Nongoma – Thousands of maidens from all over the country were expected to gather for the second day of the 32nd annual Umkhosi woMhlanga Reed Dance, at the Enyokeni Roayal Palace in Nongomo, on Saturday.
The three day event began on Friday, with some maidens, led by Zwelithini’s daughter, Nqabangothando, presenting their reeds to the king.
King Goodwill Zwelithini was expected to address the maidens later on Saturday.
The colourful cultural festival, in which the Zulu nation prides itself in, was first introduced by Zwelithini in 1991.
The Zulu king’s vision was to encourage young women to abstain from having sex, which would have an impact on the sexual transmission of HIV/Aids amongst young people.
Department of Arts and Culture spokesperson, Lethukuthula Mtshali, said maidens wake up at around 05:00. By 07:00 the young women gather for breakfast and visit various exhibition stands where they are exposed to different career opportunities.
This is followed by instructions from their guardians on how they are to carry their reeds.
Each district then presents their reeds to the king and then gather at an arena where they will be addressed by the king and other dignitaries.
President Zuma could attend
Mtshali said President Jacob Zuma was likely to attend the festivities, however the Presidency’s Bongani Ngqulunga could not confirm.
In 2015, Zuma had to reportedly be shielded by his bodyguards and rushed out of the ceremony at Enyokeni Palace when demons allegedly attacked the maidens.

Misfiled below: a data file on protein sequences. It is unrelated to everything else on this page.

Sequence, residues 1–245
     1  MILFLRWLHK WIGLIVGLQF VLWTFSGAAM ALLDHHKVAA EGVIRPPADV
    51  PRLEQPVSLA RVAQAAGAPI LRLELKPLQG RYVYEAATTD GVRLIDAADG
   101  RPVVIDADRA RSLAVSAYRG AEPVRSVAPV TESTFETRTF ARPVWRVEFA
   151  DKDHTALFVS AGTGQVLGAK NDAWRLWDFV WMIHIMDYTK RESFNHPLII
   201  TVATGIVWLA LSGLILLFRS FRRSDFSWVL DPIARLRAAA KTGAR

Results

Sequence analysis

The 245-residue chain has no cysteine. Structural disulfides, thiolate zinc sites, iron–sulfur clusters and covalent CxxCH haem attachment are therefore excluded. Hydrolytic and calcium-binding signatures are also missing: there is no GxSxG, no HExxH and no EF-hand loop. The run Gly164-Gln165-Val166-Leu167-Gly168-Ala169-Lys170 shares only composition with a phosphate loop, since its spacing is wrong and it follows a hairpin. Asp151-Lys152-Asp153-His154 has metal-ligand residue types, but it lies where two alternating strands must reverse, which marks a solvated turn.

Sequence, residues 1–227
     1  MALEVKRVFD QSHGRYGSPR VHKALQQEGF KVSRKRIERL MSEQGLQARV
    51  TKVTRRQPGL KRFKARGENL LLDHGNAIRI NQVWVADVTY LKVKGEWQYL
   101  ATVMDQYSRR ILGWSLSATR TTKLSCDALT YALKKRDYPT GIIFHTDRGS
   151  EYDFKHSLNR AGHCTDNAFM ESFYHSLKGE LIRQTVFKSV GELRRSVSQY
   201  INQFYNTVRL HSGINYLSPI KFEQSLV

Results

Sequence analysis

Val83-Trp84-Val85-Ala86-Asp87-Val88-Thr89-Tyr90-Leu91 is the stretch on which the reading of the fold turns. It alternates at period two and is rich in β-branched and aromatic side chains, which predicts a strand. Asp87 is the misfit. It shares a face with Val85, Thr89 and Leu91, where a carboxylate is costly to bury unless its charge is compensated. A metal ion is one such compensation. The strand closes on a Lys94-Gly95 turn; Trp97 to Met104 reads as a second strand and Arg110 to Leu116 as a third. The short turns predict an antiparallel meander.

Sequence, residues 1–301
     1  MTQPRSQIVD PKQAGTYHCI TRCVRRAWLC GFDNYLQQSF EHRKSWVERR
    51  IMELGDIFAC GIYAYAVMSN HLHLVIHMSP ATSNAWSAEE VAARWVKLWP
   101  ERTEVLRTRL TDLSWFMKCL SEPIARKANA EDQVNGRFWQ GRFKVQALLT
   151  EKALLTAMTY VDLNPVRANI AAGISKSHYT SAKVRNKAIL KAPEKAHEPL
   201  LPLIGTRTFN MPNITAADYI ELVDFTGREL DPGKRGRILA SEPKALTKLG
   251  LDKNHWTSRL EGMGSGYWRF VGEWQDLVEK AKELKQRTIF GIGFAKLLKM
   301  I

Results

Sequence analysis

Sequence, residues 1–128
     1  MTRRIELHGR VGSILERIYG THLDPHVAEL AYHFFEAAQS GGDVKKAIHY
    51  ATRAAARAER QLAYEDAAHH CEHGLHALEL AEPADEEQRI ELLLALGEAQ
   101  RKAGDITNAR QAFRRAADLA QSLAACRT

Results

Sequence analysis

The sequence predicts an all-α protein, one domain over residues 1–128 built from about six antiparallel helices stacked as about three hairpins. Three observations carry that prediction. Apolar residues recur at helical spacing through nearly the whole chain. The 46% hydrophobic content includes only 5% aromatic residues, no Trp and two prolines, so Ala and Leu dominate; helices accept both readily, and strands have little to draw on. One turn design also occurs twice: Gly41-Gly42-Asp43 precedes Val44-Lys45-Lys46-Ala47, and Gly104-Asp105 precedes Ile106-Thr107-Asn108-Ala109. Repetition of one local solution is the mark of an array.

According to a Mercury report, Zuma was escorted from a soccer field where he was meant to share the stage with Zwelithini in addressing the maidens.
The guards reportedly feared for Zuma’s safety when the event turned chaotic, apparently as hysterical maidens allegedly visualised demons “attacking them”.
Last August, 38 young Swazi women were killed on the Mbabane-Manzini highway while on their way to cut reeds for the Umhlanga reed dance.
The Times of Swaziland reported that the accident involved two trucks carrying the girls, and a Toyota van. The first truck crashed into the Toyota van after traffic police had stopped it. The second truck then crashed into the first truck.
In 2013, 11 people, including seven girls, were killed when their bus crashed near Melmoth, on the R66. They had attended the annual Reed Dance in Nongoma and were returning home to uMzumbe, on the KwaZulu-Natal South Coast.
Arts and Culture MEC Bongiwe Sithole-Moloi on Friday urged motorists, especially those transporting maidens, to be extra cautious on the roads.